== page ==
What is Craniopharyngioma?

A Craniopharyngioma is a type of benign brain tumour located near the pituitary gland.  Craniopharyngiomas consist of a combination of half solid mass and half fluid. While not cancerous, they can grow and cause significant problems for other parts of the brain, affecting certain functioning.

Craniopharyngiomas are more often found in children but can also be found in adults in their 50’s and 60’s.

What are the Symptoms of Craniopharyngioma?

Some of the symptoms of a Craniopharayngioma found in children could include:

  • Headaches, including morning headache or headache that goes away after vomiting.
  • Blurred vision
  • Balance issues such as vertigo
  • Nausea
  • Increased frequencies in urination and/or thirst
  • Change in energy level
  • Fatigue
  • Personality or behavioral changes
  • Slow growth
  • Hearing loss
  • Seemingly unexplainable weight gain

Craniopharyngioma Causes

Craniopharyngioma are rare, slow-growing brain tumors. Usually benign, they tend to form near or around the pituitary gland or the pituitary stalk. The actual cause is not well understood, although there is some evidence that the tumors may actually begin forming during gestation (embryogenesis) from abnormal development of the pituitary gland. Other than this hypothesis, there really is very little understanding as to causes or contributing factors to the development of this condition.

Craniopharyngioma represent less than 5% of all pituitary brain tumors. They generally occur in two groups. Children can develop the tumors between the ages of 5 and 10. They occur less frequently in adults, but if they do, the adult will usually be between 50 and 60. While the tumors themselves are almost always benign, the symptoms they cause can be quite serious. Craniopharyngioma seem to occur equally in men and women.

How is Craniopharyngioma Treated?

Craniopharayngiomas still need to be treated and managed through a proper plan directed by a team of brain specialists and other health professionals.

Treatment includes

Surgery is component of therapy.  The kind of surgery may be difficult for the surgeon to determine at first. Many specialists believe that the main goal should be a total removal of the visible tumor. The rate of success for complete removal alone also ranges anywhere from approximately 70-90%.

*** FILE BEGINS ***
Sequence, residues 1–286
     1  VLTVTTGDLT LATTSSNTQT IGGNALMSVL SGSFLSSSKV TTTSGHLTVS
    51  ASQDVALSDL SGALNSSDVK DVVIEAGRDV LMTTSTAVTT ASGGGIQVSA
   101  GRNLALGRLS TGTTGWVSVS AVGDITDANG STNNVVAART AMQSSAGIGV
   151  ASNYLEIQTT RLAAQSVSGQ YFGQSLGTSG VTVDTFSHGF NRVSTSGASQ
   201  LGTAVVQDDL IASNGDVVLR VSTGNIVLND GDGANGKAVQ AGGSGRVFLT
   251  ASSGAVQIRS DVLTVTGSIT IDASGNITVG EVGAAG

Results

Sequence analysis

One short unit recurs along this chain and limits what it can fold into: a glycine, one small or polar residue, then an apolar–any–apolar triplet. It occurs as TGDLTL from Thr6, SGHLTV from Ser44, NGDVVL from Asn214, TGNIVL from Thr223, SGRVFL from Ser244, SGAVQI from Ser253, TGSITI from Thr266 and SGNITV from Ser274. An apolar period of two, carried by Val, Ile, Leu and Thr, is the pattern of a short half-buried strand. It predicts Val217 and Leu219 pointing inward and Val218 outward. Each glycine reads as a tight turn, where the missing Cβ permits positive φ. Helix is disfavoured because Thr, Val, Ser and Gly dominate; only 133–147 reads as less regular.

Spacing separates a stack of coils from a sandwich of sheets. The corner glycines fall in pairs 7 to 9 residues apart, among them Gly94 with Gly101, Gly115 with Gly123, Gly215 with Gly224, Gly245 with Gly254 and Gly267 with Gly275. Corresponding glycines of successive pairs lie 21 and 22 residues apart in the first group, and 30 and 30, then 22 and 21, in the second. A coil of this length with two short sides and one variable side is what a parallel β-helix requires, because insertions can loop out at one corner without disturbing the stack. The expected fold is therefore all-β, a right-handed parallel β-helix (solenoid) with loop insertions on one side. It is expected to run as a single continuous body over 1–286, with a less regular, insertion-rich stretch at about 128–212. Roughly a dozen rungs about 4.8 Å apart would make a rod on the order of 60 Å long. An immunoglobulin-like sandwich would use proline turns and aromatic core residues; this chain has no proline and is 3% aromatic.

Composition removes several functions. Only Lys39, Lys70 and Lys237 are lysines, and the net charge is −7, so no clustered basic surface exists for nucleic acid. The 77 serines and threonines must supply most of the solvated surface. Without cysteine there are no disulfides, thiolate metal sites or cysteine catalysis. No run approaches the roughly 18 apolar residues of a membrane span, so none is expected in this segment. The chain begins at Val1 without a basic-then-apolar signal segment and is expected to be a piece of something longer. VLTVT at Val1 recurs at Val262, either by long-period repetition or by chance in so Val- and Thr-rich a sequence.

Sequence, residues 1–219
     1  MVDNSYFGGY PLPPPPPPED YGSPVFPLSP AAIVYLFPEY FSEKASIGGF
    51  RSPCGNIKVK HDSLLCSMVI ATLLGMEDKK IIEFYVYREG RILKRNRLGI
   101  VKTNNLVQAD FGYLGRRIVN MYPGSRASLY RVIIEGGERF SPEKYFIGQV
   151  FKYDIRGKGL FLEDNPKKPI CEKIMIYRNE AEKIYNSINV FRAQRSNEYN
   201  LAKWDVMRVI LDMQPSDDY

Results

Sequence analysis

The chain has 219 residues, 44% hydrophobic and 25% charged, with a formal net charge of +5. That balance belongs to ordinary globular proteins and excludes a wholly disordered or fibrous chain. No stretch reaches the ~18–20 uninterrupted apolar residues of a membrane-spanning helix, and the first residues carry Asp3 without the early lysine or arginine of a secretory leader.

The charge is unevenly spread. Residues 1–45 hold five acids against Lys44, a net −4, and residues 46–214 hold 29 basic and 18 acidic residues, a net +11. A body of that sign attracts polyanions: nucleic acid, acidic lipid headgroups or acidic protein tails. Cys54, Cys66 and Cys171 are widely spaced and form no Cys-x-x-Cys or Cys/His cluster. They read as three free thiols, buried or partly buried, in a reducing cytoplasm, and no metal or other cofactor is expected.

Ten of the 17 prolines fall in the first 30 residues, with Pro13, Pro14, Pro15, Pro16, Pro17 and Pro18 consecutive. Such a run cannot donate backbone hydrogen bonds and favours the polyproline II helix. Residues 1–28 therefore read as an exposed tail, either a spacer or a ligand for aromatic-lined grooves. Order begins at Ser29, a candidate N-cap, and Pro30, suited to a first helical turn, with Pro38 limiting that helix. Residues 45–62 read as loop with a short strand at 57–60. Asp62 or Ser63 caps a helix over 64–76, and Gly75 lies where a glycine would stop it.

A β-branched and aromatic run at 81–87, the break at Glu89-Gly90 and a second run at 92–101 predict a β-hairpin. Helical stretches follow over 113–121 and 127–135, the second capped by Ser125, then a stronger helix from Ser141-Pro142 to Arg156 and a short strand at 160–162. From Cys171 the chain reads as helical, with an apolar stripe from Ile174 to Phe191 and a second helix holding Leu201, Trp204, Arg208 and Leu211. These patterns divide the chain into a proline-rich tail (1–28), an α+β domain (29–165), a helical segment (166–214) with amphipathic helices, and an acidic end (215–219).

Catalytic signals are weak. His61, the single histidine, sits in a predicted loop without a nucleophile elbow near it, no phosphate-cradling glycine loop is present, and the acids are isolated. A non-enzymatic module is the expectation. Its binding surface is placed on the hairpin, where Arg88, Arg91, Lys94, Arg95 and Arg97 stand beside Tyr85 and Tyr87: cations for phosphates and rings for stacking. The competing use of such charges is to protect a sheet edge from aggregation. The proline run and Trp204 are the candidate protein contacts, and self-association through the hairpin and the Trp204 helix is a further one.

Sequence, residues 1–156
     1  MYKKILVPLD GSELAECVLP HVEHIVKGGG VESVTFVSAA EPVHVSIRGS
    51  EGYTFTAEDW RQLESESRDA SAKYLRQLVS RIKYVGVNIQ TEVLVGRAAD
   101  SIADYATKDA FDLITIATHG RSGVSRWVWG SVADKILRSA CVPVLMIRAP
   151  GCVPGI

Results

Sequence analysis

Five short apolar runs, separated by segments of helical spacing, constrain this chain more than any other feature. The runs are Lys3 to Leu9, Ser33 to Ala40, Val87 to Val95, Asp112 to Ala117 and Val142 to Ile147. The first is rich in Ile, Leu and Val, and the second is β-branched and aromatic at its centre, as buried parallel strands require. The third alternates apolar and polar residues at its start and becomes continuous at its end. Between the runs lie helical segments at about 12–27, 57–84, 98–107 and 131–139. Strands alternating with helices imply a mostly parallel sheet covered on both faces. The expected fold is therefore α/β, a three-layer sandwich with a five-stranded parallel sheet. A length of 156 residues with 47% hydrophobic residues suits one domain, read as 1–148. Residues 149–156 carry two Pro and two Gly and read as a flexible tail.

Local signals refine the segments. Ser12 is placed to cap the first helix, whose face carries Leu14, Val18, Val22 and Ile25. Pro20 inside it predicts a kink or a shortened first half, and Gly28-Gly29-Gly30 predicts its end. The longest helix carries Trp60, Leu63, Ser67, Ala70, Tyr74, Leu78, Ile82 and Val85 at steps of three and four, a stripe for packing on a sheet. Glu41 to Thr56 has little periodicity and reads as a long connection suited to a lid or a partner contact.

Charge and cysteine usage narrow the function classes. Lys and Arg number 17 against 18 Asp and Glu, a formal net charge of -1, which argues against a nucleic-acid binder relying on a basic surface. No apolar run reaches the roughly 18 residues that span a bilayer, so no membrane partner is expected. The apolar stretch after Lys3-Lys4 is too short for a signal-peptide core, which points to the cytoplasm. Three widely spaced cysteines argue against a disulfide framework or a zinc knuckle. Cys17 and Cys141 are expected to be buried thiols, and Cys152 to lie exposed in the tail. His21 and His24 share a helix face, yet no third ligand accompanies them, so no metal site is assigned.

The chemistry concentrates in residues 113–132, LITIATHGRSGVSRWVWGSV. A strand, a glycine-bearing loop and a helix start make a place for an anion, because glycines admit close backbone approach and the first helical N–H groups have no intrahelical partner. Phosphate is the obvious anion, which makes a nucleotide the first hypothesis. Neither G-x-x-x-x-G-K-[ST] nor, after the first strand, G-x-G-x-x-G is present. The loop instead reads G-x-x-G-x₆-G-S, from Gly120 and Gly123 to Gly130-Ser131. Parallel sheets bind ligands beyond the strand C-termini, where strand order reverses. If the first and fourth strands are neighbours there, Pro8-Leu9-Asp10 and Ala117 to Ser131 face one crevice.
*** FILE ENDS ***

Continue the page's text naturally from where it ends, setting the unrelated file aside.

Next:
If the main goal for Craniopharayngiomas therapy is to have a partial removal of the tumour, then radiation therapy will be considered.  The rate of re-growth of the tumours after radiation therapy is high, in the areas of 70 to 100%.

Proton radiotherapy is a less-common form of radiotherapy that deploys protons instead of x-rays.  Proton radiotherapy can be performed to a patient’s tumor much more efficiently than x-ray therapy.  The side-effects of this treatment are said to be lower in number versus conventional radiation therapy.  Scientific across the globe has concluded proton therapy to be a safe and effective method in treating Craniopharayngioma tumors.

Craniopharyngioma Prevention

Because the cause is not well understood, prevention of the initial development of craniopharyngioma is really impossible. However, effective treatment of the tumor can be essential in preventing recurrences. The tumors have a relatively high rate of recurrence, but complete surgical removal has proven to be more effective in preventing regrowth of the tumor than either a partial resectioning or radiation treatment. Recurrence rates are 0%-17% with surgical removal, while those rates rise to 25%-63% with partial removal and/or radiation treatment. In either case, regular CT scans and MRI post treatment are indicated both to check for a regrowth of the tumor and for hormone deficiencies that can stem from both the tumor itself and from the treatment.

Last Reviewed:
September 19, 2016
Last Updated:
December 11, 2017